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Did the freight market just hit the floor?
Could the data be showing the bottom of the freight market?
Trucks

Truckload demand shot up 6% to end April as shipper requests for freight capacity hit their highest levels since the first week of the year. National dry van spot rates (NTI) have flatlined over the past two weeks after plummeting 3.5% to start the month. Could the rising demand and stable spot market be the actualization of the bottom in the data?

Demand increases will likely not be the savior that transportation providers are looking for, but they could stop the bleeding and soften the blow. Since March 7, 2022, tender volumes have dropped 25%, with spot rates falling 33%.

While no one expected the pandemic-era demand boom to persist forever, few thought it would end as abruptly as it did. Many were expecting the deterioration to stop in the first half of the year with some level of recovery in the fall or winter. While tender volumes have leveled off this spring, spot rates have continued to drop. 

The problem the trucking market has and continues to have is there are significantly more trucks available than current demand, which is a product of transitioning rapidly from a period in which demand greatly exceeded supply of capacity. The recent demand spikes have had little to no impact on the spot market because of this.  

The Outbound Tender Volume Index (OTVI) has increased like this once already this year, rising 6% in the last week of February before trending lower into mid-April. Spot rates only stalled for a moment before dropping an additional 3% through March.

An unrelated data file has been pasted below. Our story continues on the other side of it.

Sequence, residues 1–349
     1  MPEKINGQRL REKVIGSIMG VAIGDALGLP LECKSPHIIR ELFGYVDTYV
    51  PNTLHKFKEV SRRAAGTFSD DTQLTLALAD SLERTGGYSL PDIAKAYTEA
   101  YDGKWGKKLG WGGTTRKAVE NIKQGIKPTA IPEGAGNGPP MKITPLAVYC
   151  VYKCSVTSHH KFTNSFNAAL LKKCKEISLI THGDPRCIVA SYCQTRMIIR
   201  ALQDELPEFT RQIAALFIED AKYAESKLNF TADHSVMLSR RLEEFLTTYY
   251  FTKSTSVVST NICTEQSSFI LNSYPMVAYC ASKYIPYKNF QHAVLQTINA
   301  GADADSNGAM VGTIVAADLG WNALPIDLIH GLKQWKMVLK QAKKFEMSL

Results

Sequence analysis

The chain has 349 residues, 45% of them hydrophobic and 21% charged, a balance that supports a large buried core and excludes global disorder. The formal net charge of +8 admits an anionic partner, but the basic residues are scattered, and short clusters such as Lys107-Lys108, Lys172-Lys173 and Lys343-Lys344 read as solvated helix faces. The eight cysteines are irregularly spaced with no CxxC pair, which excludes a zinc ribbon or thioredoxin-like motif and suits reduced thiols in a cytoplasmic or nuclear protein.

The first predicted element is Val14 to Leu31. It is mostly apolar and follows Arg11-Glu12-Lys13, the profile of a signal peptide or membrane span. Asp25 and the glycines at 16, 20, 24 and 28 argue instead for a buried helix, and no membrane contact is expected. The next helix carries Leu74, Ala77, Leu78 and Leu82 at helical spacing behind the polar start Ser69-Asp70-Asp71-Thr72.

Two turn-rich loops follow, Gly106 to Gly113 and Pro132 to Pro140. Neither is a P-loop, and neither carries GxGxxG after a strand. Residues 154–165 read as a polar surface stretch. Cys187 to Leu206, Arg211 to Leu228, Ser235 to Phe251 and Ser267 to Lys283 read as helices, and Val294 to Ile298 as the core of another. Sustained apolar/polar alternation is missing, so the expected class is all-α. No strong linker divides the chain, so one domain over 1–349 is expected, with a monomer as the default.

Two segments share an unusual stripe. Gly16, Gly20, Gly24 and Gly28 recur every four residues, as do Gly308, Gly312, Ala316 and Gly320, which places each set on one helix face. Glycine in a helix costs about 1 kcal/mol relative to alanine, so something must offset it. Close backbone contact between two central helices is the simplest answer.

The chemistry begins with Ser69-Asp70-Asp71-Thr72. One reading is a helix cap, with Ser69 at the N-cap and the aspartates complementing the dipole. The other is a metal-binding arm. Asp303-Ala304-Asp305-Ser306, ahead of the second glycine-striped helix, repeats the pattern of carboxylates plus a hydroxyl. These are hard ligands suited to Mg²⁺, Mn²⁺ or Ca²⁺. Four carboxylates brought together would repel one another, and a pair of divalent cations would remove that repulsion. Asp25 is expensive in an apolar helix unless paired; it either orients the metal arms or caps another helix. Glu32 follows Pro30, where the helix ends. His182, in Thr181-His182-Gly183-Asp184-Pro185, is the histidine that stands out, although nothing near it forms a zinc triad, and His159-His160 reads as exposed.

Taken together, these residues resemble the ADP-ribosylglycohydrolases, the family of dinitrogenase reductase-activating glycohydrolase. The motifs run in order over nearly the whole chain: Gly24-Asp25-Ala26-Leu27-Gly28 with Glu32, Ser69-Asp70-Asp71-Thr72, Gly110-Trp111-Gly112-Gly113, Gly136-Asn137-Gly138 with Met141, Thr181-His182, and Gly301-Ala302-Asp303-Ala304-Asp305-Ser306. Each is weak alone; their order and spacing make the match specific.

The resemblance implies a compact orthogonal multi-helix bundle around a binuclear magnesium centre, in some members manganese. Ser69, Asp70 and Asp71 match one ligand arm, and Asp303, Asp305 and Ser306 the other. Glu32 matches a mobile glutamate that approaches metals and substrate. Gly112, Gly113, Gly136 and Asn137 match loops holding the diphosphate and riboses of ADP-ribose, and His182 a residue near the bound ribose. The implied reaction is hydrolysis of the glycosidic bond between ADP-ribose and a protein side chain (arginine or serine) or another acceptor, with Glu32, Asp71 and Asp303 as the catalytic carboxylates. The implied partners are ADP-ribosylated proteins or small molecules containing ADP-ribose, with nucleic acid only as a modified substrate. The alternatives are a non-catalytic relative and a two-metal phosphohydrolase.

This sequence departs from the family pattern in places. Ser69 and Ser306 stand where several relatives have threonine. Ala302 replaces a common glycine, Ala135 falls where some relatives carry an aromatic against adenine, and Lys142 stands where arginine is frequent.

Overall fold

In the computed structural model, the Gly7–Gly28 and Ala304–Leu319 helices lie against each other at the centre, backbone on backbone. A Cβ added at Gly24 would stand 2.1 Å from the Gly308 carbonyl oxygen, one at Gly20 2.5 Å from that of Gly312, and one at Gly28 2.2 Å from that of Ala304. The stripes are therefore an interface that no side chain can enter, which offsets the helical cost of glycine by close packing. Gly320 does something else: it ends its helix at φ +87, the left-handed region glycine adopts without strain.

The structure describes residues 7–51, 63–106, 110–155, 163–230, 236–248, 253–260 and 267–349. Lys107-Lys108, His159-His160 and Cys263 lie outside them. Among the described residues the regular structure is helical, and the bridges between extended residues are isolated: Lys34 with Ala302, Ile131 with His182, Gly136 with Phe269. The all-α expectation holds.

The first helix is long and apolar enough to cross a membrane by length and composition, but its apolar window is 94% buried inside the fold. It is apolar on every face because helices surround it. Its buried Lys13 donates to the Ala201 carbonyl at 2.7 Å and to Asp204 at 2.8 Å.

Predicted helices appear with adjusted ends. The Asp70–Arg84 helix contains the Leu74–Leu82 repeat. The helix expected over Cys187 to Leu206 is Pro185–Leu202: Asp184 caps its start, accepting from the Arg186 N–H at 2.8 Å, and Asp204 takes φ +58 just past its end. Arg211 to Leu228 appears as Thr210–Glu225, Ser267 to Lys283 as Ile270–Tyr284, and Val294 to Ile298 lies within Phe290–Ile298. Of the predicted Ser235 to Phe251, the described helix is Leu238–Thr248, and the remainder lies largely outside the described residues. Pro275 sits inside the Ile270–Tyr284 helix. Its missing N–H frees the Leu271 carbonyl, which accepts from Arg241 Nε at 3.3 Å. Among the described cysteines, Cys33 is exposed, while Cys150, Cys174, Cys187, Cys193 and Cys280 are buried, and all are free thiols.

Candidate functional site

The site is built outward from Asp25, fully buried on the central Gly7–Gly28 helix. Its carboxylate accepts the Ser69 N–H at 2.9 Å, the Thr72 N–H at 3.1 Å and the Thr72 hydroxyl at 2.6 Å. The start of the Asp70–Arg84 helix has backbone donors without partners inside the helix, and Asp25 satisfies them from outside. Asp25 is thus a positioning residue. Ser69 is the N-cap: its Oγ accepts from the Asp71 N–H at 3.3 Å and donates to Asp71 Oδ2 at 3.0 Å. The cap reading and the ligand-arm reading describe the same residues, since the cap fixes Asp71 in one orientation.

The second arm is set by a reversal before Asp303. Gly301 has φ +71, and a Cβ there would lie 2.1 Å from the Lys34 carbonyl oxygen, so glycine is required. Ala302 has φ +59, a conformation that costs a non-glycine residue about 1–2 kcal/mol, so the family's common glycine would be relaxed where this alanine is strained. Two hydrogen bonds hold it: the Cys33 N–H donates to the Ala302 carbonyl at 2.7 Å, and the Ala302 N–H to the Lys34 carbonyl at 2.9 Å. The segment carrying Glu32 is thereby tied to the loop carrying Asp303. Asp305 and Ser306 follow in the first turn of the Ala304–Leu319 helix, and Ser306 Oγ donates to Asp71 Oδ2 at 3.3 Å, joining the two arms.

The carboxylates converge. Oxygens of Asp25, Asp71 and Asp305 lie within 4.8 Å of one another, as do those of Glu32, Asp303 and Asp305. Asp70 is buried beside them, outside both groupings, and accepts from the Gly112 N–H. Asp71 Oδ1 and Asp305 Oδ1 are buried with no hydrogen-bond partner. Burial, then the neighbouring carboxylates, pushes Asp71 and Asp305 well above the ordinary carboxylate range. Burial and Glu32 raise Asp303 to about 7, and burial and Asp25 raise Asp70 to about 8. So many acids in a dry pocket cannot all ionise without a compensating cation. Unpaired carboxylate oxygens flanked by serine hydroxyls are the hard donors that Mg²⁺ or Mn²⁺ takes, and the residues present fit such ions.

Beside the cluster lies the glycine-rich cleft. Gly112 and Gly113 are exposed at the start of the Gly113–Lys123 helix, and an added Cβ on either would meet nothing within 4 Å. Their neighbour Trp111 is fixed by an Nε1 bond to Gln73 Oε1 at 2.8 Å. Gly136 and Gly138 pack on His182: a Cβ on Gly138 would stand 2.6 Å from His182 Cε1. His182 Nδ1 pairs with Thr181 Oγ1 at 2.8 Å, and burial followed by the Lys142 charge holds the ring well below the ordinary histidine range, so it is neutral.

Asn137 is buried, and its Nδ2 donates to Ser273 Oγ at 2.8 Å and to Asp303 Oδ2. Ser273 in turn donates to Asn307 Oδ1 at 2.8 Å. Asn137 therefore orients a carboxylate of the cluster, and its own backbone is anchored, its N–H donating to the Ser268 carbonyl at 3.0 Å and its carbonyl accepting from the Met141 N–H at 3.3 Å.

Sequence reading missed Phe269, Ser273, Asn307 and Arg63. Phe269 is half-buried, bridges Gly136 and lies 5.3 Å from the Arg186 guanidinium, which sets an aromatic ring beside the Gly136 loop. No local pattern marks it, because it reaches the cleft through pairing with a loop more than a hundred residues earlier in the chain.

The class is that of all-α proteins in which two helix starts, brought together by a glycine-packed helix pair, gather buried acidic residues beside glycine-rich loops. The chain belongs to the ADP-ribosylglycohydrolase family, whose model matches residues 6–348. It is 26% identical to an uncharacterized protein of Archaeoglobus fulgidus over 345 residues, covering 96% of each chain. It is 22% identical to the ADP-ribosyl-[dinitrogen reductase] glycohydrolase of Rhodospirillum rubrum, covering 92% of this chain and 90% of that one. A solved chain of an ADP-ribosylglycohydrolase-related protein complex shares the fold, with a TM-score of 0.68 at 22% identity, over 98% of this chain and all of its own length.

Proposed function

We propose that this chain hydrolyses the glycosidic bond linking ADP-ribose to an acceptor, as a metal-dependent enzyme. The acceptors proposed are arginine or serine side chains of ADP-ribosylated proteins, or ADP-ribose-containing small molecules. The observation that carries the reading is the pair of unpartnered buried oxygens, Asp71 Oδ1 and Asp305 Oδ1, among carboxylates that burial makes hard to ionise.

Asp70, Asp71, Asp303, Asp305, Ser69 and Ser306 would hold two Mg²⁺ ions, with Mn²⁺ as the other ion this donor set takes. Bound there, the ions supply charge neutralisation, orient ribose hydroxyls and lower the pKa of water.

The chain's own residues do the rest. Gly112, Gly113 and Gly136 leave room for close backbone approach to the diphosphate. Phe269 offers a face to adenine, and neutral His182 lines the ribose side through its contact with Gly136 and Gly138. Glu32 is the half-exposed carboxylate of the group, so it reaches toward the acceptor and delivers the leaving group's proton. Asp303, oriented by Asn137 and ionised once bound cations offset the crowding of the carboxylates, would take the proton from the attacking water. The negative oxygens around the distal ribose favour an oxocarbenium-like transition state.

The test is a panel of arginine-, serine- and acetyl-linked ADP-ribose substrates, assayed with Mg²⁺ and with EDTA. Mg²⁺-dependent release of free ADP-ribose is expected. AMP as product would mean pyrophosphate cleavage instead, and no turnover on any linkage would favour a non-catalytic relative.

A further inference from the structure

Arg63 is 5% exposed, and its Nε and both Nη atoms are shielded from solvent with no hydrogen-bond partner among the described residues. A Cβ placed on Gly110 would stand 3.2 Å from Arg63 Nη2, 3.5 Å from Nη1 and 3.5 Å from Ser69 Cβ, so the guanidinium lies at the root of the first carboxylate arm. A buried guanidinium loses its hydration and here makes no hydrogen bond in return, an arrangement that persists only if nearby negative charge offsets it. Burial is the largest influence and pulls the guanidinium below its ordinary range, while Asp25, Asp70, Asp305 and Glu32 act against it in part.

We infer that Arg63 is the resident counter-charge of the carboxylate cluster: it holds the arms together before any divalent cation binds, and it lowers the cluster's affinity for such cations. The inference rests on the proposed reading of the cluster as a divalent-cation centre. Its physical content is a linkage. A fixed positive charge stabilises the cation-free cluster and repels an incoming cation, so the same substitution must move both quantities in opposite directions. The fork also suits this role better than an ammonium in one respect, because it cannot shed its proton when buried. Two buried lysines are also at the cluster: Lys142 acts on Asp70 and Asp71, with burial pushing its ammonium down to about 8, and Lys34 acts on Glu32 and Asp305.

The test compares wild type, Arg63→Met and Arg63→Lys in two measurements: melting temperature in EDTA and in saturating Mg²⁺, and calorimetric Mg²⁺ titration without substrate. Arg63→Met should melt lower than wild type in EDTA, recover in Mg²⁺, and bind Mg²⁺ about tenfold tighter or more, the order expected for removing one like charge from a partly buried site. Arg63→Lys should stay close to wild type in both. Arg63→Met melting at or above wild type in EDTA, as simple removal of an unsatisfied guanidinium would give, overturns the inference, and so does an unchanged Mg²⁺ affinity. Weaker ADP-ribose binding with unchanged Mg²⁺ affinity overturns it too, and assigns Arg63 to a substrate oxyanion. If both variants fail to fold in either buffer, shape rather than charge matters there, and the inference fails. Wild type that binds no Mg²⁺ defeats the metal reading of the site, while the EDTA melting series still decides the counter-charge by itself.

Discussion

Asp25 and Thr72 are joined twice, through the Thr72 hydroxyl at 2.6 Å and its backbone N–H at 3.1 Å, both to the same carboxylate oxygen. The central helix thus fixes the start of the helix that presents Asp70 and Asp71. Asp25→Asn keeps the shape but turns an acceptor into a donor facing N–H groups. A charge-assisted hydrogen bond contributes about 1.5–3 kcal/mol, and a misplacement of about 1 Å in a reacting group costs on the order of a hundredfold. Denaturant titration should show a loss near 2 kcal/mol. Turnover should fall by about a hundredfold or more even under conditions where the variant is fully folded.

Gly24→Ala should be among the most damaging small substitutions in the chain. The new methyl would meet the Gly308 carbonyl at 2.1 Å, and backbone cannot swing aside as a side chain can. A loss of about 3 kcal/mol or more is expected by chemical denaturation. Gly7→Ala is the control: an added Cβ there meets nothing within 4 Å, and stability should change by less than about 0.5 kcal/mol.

The late-April surge is coming from a multitude of origins and not just a few places. This is a sign that general freight demand is getting better from more than a few sectors or industries. 

 

Taking a look at tender volumes by market, 110 of the 135 markets are showing an increase in tenders over the past two weeks. Some of them, like Dallas and Elizabeth, New Jersey, are quite significant. 

April is not traditionally a seasonally strong month and has no consistent event that triggers aggregate demand-side increases. Something like this is expected toward the end of March, with the end-of-quarter shipping, or around the upcoming holidays. 

 

About the Chart of the Week

The FreightWaves Chart of the Week is a chart selection from SONAR that provides an interesting data point to describe the state of the freight markets. A chart is chosen from thousands of potential charts on SONAR to help participants visualize the freight market in real time. Each week a Market Expert will post a chart, along with commentary, live on the front page. After that, the Chart of the Week will be archived on FreightWaves.com for future reference.

SONAR aggregates data from hundreds of sources, presenting the data in charts and maps and providing commentary on what freight market experts want to know about the industry in real time.

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